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Article summary:

1. Duplex stainless steel (DSS) obtained by directed energy deposition additive manufacturing (DED) has a non-uniform ferrite to austenite microstructure, limiting its properties.

2. A fast numerical modelling approach was developed to predict and optimize the phase ratio distribution in DSS formed by DED, with a proposed temperature control strategy of the build platform to achieve near 50-50 phase ratios.

3. The proposed approach was validated through experiments on single-bead-thickness walls of SAF 2507 superduplex stainless steel, with reasonable agreement between numerical and experimental results observed.

Article analysis:

The article presents a study on the directed energy deposition (DED) additive manufacturing process of duplex stainless steel (DSS). The authors aim to develop a fast numerical simulation of temperature and diffusion-controlled ferrite to austenite phase transition of DSS obtained by DED in order to determine process parameters and temperature control systems enabling them to reach a targeted microstructure, namely a rather uniform and balanced ferrite/austenite ratio. The proposed model is validated on experiments, which assess the microstructures and proportion of austenite to ferrite in single bead thickness walls of SAF 2507 super-duplex stainless steel obtained via LMPDED.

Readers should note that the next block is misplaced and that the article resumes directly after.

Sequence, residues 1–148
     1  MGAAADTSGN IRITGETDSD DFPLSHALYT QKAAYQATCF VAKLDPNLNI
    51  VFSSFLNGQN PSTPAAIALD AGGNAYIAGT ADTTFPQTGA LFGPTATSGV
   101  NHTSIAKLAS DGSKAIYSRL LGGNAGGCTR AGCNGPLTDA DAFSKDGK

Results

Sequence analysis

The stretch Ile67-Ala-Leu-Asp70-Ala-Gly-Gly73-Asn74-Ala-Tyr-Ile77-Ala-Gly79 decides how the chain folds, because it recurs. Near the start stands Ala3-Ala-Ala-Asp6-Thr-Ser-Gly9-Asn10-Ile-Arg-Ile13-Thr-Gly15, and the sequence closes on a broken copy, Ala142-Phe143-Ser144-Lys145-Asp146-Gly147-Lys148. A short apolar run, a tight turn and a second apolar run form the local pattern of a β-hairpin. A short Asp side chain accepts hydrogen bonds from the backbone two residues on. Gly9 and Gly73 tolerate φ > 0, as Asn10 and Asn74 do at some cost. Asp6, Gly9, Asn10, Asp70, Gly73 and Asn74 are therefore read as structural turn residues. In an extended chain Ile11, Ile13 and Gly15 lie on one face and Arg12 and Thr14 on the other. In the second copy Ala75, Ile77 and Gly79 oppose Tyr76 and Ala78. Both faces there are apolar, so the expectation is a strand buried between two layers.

The article provides a comprehensive overview of the challenges associated with AM processes for DSS, including the unpredictability of product properties such as porosity, microstructure, and residual stresses. The authors highlight that optimal properties generally require near 50-50 ferrite-austenite duplex microstructures, which are difficult to achieve through AM processes due to non-uniform solid-state phase transitions. The article also discusses various numerical approaches used in previous studies to compute temperature fields in LMPDED.

The authors propose a fast numerical approach that can deal with more complex geometry and takes into account latent heat release during solidification. They also derive a fast diffusion-controlled growth model based on semi-analytical developments. The composition at the austenite/ferrite interface is assumed to be at equilibrium, therefore an equilibrium computation has been carried out with Thermo-Calc, which is used as inputs for the diffusion model.

The experimental study conducted on SAF 2507 DSS walls built via DED using a BeAM Mobile-004 machine equipped with an Itterbium YLR fibre laser (1070 nm wavelength) and a 500 W maximum power output validates the proposed approach. Microstructures and phase ratio gradients are assessed in single-bead-thickness walls of SAF 2507 superduplex stainless steel, and numerical results are in reasonable agreement with experimental observations.

Overall, the article provides valuable insights into the challenges associated with AM processes for DSS and proposes a fast numerical approach that can help optimize process parameters to achieve targeted distribution of phase ratios. However, it should be noted that the study only focuses on one specific type of DSS (SAF 2507), which limits its generalizability. Additionally, while the proposed approach is validated through experiments, further studies are needed to assess its applicability across different types of DSS materials and AM processes.